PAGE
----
I was reminded recently of an experience that I had while shooting a story for Smithsonian Magazine on Arthur County, Nebraska. Truth be told, it was an assignment that I almost didn’t accept. I thought that a story about the least populated county in the United States was not a story for me – I shot city stories for the most part. But then I thought, why not? It ended up being one of the most gratifying magazine assignments that I ever did – on many levels.
Personally, it pushed me out of my cultural norm. “What am I going to do in a desolate part of the country where cows far out number the people?” Photographically speaking as a people shooter, it really pushed me to see and shoot differently. Because there were so few people, I lingered longer and got a closer glimpse into their lives than I normally would have on a 7 day city shoot with lots to cover.
One day stood out for me. I was photographing a cowboy “breaking” horses. I watched as he worked with an incredibly spirited horse, trying at first to calm the animal. I remember asking a question about “breaking” the horse to which the handler replied that he never wanted to “break” an animal’s spirit, but rather to gain the animal’s trust. I thought to myself that this cowboy must be a wonderful father and husband and a part of me fell in love with that notion – his understanding of the difference between “managing” this stunning creature and “breaking” its spirit.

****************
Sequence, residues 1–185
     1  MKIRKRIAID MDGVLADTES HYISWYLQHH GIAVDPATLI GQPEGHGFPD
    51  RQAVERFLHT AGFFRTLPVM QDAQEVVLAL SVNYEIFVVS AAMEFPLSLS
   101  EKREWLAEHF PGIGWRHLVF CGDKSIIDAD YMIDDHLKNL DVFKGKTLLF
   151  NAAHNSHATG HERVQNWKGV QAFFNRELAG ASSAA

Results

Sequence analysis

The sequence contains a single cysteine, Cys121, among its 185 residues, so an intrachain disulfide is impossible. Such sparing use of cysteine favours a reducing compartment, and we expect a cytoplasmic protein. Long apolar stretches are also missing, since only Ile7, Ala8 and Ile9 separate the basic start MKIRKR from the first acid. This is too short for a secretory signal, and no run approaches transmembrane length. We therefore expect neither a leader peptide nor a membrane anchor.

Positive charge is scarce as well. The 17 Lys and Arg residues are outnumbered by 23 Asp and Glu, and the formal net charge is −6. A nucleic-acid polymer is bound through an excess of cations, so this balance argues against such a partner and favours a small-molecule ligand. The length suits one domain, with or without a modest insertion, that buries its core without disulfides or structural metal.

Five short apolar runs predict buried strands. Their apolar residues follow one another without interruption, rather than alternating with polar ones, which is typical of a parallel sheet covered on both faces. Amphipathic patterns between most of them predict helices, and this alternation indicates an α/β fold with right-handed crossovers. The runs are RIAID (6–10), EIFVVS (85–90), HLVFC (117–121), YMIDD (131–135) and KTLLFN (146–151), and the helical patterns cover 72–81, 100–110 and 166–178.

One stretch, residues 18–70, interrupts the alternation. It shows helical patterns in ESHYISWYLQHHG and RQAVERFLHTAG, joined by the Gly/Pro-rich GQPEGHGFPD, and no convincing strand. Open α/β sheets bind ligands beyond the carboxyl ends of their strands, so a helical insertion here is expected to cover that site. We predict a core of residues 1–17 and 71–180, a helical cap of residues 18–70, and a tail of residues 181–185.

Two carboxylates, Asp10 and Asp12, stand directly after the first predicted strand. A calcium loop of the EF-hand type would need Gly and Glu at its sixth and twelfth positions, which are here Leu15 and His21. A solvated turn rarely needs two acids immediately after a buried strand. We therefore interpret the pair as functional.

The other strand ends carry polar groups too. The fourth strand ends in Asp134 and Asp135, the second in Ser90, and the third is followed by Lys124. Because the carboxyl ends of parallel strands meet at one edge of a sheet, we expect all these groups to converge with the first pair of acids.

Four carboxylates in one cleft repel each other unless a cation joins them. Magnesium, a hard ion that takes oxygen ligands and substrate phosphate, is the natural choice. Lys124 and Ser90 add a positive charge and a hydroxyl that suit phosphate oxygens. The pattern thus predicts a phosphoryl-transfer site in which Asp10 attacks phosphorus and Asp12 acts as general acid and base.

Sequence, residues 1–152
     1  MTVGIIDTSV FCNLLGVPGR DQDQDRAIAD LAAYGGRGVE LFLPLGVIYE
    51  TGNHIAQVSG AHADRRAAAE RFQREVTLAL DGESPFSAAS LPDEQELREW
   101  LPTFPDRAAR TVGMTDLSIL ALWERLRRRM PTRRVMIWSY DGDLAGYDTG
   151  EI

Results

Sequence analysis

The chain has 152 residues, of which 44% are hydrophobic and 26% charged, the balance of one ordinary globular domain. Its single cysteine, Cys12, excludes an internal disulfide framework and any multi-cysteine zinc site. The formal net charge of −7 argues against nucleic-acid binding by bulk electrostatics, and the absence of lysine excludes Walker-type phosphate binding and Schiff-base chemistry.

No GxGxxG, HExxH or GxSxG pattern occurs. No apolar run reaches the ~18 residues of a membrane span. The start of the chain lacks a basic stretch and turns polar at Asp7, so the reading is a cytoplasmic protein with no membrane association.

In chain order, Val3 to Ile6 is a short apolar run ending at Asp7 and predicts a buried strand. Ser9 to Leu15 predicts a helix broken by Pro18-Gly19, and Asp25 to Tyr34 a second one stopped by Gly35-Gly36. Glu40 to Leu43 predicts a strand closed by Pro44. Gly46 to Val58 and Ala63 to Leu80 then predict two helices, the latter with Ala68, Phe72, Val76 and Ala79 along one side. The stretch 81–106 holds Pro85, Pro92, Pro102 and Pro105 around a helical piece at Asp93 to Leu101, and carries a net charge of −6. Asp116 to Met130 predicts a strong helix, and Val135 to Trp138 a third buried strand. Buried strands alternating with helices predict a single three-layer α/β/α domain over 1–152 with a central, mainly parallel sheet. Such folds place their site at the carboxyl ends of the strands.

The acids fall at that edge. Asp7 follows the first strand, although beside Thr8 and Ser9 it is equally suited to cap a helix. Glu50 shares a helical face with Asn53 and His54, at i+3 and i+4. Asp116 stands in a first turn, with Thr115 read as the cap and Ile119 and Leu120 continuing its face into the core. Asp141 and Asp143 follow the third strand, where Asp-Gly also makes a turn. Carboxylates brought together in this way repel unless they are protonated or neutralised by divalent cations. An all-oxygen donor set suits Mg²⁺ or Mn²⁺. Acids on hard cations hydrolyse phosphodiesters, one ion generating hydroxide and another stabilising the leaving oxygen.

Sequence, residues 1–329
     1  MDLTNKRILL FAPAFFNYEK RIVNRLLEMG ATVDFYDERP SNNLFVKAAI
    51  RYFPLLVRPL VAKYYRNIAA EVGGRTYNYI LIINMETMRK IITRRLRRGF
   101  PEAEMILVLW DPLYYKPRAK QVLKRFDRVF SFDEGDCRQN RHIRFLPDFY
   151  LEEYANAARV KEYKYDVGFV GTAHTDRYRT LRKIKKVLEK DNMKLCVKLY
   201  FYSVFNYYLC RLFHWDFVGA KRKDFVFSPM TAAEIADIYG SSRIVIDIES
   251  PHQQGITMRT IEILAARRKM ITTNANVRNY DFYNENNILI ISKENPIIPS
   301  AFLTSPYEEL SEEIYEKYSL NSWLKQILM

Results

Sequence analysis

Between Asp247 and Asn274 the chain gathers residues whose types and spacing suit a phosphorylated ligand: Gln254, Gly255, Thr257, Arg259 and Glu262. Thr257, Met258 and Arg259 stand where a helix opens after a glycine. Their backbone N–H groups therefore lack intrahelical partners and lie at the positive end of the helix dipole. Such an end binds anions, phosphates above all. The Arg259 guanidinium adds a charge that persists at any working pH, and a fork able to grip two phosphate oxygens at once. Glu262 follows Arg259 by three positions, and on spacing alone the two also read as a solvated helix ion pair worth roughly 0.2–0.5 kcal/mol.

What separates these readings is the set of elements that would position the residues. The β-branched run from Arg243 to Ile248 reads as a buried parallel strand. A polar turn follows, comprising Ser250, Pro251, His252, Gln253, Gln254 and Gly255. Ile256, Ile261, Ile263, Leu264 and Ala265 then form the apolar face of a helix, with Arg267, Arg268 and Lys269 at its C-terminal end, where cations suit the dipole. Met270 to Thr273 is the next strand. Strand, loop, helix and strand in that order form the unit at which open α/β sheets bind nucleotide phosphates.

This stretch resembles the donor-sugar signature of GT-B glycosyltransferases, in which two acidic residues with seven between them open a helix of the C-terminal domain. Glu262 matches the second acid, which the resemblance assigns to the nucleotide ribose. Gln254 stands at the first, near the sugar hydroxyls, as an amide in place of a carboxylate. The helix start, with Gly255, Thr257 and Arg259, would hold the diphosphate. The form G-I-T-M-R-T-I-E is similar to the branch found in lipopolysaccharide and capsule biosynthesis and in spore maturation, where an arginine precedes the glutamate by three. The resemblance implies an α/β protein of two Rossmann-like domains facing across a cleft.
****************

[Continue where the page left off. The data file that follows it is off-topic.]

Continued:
I realized that maybe that moment in time was in essence the story itself and the reason that I needed to take that assignment. I remind myself of that every time I’m hesitant to stray from my comfort zone. That almost always there’s a reward. I was fortunate that the assignment editor on that piece saw something in me that I didn’t. So many times, for a variety of reasons “clients” feel the need to over dictate the visual message and the end piece reflects that, becoming an entity that is neither “here nor there”. The “spirit” of the piece becomes broken.
These days because of tight budgets and fear of losing one’s job – things tend to become more predictible and safe – choosing shooters who’ve done that type of story before or re-doing the same stories that have proven to be “successful” in the past. But every once in awhile – someone (like the cowboy) comes along and recognizes something in my spirit and gives me the necessary “rope” to bring my vision to the project while still managing the “whole” – and marvelous things happen.